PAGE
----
Not Allowed: Female Emcees

The last time a Grammy for Best Female Rap Solo Performance was awarded was in 2004. It is 2008. Now, the category is nowhere to be found, and with good reason. There simply are not enough female emcees to fill the nomination spaces. There are innumerable obstacles to overcome and just as many loopholes these women must slip through in order to get just an ounce of exposure.

A new rule has been developed: there can only be one female Hip Hop artist at a time. For a large majority of the past few years (and the present), the one acceptable female rapper has been Missy Elliot. In other award shows, she tends to win in whatever marginalized category has been set aside for women rappers. Please do not be mistaken, Elliot has released a fair share of solid, critically acclaimed material; she is highly deserving of the accolades she has acquired.

But, hypothetically speaking, what if, for an extended amount of time, Missy does not release an album? Who is supposed to win then? There is no need to hypothesize. The situation is very real and took place at an award show earlier this year. Within the category of Best Female Hip Hop Artist, newcomer Kid Sister, teen Lil’ Mama, Miami-based Trina, and “pit-bull in a skirt” Eve all competed against Missy for the prize. So, who won? Missy Elliot, of course. This is all despite the fact that Lil’ Mama had, at the time, recently come out with her debut album featuring the hit “Lip Gloss,” Trina had released her fourth record, Kid Sister had been riding high off of her single “Pro Nails,” and Eve had “Tambourine” (a song from an album continually pushed back). Presumably, Missy won for two songs that had an accompanying video and appeared on a movie soundtrack (not her album).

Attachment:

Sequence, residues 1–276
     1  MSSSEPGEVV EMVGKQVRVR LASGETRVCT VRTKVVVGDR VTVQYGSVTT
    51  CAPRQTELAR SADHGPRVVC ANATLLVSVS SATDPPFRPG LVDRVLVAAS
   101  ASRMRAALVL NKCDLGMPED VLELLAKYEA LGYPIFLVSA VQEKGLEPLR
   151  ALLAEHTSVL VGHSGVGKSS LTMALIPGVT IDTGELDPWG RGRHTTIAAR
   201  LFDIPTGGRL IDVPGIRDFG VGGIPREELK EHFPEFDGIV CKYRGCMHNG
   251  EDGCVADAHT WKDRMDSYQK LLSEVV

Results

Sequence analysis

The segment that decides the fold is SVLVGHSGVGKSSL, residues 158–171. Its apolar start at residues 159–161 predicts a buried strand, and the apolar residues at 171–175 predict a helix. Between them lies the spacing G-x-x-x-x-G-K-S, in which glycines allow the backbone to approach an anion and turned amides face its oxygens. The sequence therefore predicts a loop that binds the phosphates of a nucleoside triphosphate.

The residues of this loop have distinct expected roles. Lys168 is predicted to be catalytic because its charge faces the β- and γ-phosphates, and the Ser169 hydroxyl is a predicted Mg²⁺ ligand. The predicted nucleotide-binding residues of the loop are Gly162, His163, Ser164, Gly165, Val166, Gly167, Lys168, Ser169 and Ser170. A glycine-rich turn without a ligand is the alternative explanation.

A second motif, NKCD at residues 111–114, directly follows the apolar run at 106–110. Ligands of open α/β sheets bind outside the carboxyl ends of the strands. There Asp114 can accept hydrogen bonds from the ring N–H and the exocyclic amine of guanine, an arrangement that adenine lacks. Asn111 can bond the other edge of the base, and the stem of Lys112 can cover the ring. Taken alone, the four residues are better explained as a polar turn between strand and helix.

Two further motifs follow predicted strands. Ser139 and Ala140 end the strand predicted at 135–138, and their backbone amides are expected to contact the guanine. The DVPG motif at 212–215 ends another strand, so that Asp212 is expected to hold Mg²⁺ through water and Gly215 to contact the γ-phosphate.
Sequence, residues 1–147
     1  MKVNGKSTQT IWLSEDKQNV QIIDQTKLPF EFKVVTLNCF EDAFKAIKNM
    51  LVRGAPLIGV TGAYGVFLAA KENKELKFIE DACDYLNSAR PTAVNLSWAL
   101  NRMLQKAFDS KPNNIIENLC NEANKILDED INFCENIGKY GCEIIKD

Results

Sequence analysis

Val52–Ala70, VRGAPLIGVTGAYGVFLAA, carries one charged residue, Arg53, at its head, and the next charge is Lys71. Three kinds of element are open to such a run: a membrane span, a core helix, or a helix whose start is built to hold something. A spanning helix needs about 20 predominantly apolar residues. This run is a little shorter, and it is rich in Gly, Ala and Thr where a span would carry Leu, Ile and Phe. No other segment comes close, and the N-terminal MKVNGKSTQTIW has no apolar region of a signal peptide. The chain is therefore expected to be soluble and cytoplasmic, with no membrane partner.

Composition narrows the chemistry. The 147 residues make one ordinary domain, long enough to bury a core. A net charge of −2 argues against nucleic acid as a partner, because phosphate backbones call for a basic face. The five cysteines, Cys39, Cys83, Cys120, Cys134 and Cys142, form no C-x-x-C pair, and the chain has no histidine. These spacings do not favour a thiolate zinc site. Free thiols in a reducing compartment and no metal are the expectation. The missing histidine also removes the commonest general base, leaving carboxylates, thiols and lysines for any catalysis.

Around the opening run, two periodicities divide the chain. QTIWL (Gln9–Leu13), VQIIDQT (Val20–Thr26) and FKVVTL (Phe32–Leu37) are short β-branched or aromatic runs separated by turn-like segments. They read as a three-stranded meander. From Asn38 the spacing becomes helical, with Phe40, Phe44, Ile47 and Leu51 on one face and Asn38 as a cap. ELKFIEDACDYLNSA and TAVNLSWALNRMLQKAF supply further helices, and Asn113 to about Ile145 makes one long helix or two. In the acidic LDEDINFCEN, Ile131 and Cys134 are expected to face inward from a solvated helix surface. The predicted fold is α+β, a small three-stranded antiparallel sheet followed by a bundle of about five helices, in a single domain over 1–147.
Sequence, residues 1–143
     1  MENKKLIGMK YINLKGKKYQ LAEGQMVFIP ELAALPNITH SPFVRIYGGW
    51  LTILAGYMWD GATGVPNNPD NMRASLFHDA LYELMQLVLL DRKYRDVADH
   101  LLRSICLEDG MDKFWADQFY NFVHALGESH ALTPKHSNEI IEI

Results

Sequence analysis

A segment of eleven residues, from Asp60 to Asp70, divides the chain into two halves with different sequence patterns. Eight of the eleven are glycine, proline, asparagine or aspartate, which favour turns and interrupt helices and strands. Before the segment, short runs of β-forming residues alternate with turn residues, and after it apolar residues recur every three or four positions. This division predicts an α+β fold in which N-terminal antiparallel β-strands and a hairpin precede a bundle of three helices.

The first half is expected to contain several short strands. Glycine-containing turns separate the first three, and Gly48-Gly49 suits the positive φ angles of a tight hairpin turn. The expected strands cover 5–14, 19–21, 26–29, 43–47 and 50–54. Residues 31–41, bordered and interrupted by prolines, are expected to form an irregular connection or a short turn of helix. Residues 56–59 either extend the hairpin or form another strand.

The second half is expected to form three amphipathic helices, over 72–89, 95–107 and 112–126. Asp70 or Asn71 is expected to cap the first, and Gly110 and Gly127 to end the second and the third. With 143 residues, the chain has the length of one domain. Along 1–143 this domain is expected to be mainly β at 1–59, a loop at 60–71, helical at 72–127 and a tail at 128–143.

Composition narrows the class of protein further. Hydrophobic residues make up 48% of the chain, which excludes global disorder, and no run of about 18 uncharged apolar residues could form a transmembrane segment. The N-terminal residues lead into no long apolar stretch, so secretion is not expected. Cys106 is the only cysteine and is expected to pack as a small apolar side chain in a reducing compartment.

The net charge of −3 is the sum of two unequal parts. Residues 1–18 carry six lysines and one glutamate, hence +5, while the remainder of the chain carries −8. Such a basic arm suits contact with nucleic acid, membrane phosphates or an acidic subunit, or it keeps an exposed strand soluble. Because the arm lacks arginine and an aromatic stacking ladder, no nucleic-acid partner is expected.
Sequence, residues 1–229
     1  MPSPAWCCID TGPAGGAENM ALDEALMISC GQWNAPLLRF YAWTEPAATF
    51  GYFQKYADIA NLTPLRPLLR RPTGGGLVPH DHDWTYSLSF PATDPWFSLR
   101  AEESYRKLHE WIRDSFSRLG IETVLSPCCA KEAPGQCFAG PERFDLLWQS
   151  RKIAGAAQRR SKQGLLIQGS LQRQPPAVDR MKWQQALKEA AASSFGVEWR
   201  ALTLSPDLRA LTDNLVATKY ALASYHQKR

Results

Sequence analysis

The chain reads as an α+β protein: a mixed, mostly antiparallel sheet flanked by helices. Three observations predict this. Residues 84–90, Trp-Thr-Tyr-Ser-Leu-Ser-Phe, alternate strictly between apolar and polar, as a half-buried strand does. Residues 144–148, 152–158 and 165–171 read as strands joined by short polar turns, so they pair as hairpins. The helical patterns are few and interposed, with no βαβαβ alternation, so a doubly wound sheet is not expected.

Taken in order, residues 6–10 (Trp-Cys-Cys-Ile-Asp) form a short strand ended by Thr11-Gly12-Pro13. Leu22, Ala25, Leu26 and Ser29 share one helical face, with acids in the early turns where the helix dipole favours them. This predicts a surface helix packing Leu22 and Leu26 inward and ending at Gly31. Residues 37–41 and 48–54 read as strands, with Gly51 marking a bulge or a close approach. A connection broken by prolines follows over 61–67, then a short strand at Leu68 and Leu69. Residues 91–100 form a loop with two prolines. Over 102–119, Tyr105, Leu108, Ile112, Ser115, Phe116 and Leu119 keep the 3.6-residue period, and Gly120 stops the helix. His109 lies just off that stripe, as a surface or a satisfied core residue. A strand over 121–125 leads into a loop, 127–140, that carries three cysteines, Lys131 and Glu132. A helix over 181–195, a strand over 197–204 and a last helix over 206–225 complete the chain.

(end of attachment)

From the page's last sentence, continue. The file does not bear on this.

Referring to this occurrence is not an attempt to place blame on Missy Elliot. Rather, it is meant to draw attention to just one of the many instances where female rappers are overlooked because the music industry is deemed as not having “enough room” for all of them to exist simultaneously.

It is not only the rules of the recording industry that have constructed a concrete ceiling for these women. Female rappers have done a good job at tearing each other down, fighting for that one spot. Pick any two female hip hop artists, and more than likely, at some time or another, they have exchanged hostile words or lyrics. Besides the external forces they face, these women also seem to make it a mission to bring themselves down. The overwhelming criminal activity of female rappers as of late is a prime example. Remy Ma, Lil’ Kim, and Foxy Brown have all had to visit a jail cell due to their self destructive behavior and attempts at living out their unrealistic lyrics and contrived images.

Unfortunately, it seems that female rappers such as these and those whose music lacks any form of substance (a single artist can, and often does, fit into both categories) are the only ones who manage to make it to the forefront of the media, tasting small bites of success. —— By: Bethany N.


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